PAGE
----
“This bill represents a construct that is very problematic,” said Senate minority leader Bruce E. Tarr, who voted against the veto override and whose amendments to the bill were rejected during floor debate. Among Tarr’s suggestions was to create a “driver privilege cards” separate from the Massachusetts driver’s license that could not be used as government-issued identification and would be a different color.
The bill “creates an incredible threat to the credibility of the electoral process,” the Gloucester Republican said Thursday. “I truly wish that we had taken a different path.”
Baker had vetoed the measure just one day after receiving it, citing a risk to election security that Secretary of State William F. Galvin, the state’s top election official, called “a red herring.”
Though the measure got broad support from lawmakers, a recent Suffolk University/Boston Globe poll of Massachusetts residents found that a narrow plurality of respondents — about 47 percent — opposed the legislation. About 46 percent were in favor, and 7 percent undecided.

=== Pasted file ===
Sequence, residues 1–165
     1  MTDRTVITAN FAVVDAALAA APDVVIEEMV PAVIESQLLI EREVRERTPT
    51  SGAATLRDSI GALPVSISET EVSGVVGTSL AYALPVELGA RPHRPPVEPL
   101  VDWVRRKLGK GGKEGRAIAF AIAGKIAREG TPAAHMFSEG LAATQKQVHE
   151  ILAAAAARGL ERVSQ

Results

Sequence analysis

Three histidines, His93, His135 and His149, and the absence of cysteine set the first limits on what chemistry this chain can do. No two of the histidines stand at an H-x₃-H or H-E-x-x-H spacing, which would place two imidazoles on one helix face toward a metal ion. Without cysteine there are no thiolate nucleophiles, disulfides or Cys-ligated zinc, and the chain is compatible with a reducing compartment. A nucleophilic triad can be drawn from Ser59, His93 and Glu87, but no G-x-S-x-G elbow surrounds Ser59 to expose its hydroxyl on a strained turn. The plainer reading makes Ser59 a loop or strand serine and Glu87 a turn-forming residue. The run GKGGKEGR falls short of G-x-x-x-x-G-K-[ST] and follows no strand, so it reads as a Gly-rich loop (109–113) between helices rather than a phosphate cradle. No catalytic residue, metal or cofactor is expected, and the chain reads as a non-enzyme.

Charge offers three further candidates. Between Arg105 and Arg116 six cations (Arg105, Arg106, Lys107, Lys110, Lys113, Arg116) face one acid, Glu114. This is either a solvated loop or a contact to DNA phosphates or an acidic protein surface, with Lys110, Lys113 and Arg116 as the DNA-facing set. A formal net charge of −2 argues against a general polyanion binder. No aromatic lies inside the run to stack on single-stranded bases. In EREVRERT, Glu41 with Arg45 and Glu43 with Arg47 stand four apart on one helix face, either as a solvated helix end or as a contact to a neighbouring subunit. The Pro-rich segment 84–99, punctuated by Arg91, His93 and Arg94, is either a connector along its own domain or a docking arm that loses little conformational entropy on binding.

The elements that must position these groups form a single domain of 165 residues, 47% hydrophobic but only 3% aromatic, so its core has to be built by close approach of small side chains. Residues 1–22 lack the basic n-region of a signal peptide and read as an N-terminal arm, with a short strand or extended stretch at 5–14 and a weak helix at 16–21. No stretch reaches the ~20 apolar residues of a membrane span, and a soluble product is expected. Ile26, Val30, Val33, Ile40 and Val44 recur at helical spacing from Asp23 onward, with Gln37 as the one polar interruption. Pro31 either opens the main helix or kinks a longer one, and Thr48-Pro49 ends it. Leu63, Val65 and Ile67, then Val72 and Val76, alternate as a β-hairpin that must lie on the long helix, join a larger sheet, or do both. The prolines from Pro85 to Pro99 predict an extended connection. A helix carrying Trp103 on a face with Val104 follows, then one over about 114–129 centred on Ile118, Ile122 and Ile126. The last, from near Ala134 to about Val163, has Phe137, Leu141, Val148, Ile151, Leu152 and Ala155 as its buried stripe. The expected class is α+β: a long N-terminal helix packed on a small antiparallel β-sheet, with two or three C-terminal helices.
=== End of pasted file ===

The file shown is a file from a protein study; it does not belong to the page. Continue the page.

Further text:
Democratic candidates for governor Attorney General Maura Healey and Senator Sonia Chang-Díaz both support the legislation, while Republican gubernatorial hopefuls Geoff Diehl and Chris Doughty are both against it.
Soon after the override vote was taken, Diehl and his running mate, Leah Allen, published a statement expressing their support for a ballot question to repeal the law.
“This bill is a bad bill,” Diehl said in a statement. “Leah and I will not sit by idly and watch the consequences of this bill take away the safety and democratic rights of Massachusetts residents.”
Under state law, 10 registered voters would have to submit a petition to start a referendum on the law, which they may do the 30th day after a law is enacted. In this case, that would be July 9.
Then, they would have to collect 40,120 signatures by Sept. 7. Assuming they have enough certified signatures, the question could make it onto the November 2022 ballot.
In 2014, Diehl helped lead a successful ballot campaign repealing part of a 2013 law that created increases in the state gas tax tied to the rate of inflation.
The campaign did not immediately respond to questions as to whether they plan to actually collect signatures to get a question on the ballot.